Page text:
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Omagh on a hot streak

St Enda's follow recent cup triumph by claiming coveted scalp of Giants cross

By Declan Bogue

The fairytale season of Omagh St Enda's continues. A first O'Neill Cup for 26 years five weeks ago, followed by the highest accolade a side can achieve in Ulster short of lifting the Seamus McFerran - beating Crossmaglen Rangers.

"It's absolutely sickening," was the verdict of Crossmaglen joint-manager Oisín McConville afterwards.

"I couldn't see this happening and when people asked me during the week how we were going, I would have said 'flying.'

"We didn't leave a performance out there. We were beaten and we are going home with regrets on top of regrets because we didn't play to any sort of level we are capable of."

Six points up at half-time, Cross had done everything you expected of them. Having noted Barry Tierney's influence in the Tyrone final, they attached Jamie Clarke to him at centre-forward, before drifting inside to the full-forward line, robbing St Enda's of their most effective ball-carrier.

At the other end, Ronan O'Neill began brightly, scorching past marker James Morgan to pot a goal in the bottom corner. Apart from that, their only other scores were an O'Neill free and a hard-won Jason McAnulla point in injury-time.

Cross bullied the middle. Tony Kernan knocked over frees, Jamie Clarke was elusive and helped himself to a brace of points while Kyle Brennan also clipped two over in the first half.

When it came to Omagh kickouts, they had noted from the county final how much Conor Meyler picked up as a sweeper. Therefore, Stephen Finnegan pushed up for the Omagh restarts, forcing Ryan Clarke to go long to the middle, where Cross' middle third dominated.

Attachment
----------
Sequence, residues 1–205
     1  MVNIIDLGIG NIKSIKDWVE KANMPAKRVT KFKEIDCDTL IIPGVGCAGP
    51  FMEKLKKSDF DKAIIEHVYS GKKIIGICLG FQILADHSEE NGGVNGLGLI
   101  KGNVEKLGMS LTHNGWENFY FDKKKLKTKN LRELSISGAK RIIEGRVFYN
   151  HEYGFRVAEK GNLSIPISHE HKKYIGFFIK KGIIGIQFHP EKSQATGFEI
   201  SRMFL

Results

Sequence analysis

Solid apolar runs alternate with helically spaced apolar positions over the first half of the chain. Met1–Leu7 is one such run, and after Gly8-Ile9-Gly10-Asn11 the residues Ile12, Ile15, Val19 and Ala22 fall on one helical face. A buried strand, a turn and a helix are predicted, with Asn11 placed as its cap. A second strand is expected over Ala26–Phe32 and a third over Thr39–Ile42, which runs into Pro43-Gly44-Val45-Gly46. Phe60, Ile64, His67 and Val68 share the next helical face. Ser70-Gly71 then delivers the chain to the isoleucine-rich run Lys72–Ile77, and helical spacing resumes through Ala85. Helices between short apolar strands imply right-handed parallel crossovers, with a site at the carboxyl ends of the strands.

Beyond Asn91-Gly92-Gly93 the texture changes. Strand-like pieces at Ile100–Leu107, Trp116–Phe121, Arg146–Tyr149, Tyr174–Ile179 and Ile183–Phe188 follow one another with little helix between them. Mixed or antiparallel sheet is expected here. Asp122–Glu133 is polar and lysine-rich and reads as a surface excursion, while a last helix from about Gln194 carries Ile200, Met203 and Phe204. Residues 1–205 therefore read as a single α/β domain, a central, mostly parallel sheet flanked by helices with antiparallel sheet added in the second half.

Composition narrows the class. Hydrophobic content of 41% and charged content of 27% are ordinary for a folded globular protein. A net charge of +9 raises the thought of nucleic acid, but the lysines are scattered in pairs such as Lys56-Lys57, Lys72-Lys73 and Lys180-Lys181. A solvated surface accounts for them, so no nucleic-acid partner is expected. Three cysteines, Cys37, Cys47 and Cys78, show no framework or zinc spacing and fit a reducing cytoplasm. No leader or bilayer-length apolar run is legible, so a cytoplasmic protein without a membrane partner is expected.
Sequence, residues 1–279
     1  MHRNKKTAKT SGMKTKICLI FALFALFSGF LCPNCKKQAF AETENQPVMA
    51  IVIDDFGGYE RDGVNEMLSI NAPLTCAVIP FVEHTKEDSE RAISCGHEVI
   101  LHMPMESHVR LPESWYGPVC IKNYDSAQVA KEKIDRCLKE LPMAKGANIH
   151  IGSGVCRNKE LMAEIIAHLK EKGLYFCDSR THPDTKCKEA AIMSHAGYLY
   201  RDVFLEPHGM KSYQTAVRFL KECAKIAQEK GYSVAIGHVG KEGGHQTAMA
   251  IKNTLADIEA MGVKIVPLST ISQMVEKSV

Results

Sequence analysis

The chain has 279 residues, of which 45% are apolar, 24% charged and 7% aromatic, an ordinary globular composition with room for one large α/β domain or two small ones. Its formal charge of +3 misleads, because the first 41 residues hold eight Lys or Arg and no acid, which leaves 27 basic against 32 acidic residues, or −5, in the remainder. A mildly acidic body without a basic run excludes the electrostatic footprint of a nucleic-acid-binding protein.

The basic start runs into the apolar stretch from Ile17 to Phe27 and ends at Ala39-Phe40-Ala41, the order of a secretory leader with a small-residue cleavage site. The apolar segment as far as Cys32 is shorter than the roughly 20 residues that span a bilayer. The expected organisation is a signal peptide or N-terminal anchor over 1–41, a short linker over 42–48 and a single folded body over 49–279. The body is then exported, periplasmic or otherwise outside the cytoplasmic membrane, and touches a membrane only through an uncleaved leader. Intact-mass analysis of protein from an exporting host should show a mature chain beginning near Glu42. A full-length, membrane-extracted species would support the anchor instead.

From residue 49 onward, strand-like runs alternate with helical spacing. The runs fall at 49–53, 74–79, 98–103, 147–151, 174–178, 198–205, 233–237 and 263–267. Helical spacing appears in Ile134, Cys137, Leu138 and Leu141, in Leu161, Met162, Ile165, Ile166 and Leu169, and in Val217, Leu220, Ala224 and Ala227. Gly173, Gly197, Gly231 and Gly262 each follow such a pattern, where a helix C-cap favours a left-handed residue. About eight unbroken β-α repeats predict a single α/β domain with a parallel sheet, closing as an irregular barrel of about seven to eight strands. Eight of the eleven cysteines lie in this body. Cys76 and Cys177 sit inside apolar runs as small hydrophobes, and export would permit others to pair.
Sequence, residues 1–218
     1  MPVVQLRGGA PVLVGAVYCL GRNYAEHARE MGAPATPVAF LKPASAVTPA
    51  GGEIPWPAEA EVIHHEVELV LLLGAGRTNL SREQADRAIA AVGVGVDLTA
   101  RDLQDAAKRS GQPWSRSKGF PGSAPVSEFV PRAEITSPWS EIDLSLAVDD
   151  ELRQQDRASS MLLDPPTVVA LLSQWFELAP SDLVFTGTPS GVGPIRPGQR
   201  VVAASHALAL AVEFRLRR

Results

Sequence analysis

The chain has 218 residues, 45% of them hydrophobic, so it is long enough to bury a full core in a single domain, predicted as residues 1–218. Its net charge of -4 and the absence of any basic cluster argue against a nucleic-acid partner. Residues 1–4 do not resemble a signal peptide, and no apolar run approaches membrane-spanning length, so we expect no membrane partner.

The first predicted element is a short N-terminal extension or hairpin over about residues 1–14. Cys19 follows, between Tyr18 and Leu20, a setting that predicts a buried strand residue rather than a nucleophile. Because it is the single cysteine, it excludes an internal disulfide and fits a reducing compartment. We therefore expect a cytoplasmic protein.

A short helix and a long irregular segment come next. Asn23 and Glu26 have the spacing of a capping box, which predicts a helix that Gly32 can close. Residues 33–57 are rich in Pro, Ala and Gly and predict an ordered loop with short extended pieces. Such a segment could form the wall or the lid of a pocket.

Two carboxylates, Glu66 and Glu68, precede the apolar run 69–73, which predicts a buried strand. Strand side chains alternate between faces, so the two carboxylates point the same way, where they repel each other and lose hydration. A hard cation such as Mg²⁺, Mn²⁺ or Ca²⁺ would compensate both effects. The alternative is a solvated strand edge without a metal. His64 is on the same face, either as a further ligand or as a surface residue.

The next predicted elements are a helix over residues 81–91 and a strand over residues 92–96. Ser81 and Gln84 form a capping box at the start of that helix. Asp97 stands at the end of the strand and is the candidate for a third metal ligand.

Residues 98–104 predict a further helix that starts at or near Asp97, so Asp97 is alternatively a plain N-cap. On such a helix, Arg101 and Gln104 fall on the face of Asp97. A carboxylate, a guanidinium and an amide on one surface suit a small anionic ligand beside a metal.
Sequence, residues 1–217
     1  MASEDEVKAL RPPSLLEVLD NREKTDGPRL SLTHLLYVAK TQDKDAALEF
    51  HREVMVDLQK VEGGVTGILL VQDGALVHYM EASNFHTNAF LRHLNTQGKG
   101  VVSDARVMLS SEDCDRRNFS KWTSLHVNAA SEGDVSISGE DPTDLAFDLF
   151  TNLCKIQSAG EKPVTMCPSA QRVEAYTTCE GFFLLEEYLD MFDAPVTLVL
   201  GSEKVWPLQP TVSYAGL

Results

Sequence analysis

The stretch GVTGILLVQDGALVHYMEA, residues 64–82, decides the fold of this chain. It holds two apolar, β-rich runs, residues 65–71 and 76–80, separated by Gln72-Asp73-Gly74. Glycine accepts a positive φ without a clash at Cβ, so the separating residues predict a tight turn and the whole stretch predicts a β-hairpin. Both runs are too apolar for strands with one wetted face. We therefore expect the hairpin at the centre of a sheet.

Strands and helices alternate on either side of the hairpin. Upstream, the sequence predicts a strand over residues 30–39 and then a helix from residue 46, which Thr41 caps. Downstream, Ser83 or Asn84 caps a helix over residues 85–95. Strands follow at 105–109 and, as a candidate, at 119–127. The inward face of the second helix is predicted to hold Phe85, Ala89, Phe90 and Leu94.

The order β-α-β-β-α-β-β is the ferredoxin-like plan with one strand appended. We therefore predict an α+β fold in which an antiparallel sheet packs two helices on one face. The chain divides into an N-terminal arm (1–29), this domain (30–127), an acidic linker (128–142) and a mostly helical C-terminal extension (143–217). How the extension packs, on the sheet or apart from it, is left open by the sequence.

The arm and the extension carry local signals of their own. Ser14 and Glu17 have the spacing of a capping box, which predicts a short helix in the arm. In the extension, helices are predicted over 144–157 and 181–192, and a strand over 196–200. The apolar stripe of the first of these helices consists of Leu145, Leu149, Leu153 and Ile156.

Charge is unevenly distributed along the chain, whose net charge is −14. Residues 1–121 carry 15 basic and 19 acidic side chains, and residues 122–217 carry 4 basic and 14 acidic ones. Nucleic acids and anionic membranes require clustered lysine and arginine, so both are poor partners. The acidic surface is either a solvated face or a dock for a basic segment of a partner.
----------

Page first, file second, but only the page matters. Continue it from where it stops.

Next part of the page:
With just two minutes of the first half remaining, Cross won a break from an Omagh kickout and worked it direct to Padraig Stuttard - in from the start for Aaron Kernan who fell victim overnight to a bug - and he crashed to the roof of the net to assume control.

Omagh hung in there.

"It didn't look great at half-time," said manager Laurence Strain afterwards, "But we sat down and spoke, probably for longer than we were allowed by all accounts.

"We just knew we made an awful lot of silly mistakes. Whether we put that down to being nervous, not having played a competitive game in five weeks, who knows.

"Thank God in the second half and we threw caution to the wind and everyone produced a fantastic half of football."

Brennan hit a Cross point two minutes into the second half and that was to be their sole score for the rest of the game.

A rash of off-the-ball action, so often the cue for Cross to raise their game in the past, seemed to have the opposite effect. O'Neill, Connor O'Donnell and Conan Grugan from a free started to nibble away at the Cross lead, who had Callum Cumiskey red-carded after a black card for a foul on Conor McMahon and an earlier booking.

A minute later, disaster struck for the Armagh kingpins. O'Donnell created a goal for the inrushing Tierney to palm to the net and another spat of petulance had referee Ciaran Branagan consulting with his umpires before awarding a straight red card to Tony Kernan.

A huge Grugan shot carried in the breeze over the bar to level matters and no matter how hard Cross tried, they could not get over the numerical advantage. McAnulla and Conor Meyler did most of the heavy lifting, supported by a new-found midfield dominance of Joe McMahon.

With Cross suddenly vulnerable, Omagh struck again with an O'Neill point to take the lead for the first time with three minutes to go.

Ryan Clarke was in action to deal with a David McKenna high ball that dropped invitingly for Aaron Cunningham but it went wide off the Cross man's fist.

Fitting that O'Neill should have the final word with another point from distance.

Omagh's season continues to a semi-final meeting with the winners of the Roslea St Eunan's match on November 16.

Belfast Telegraph


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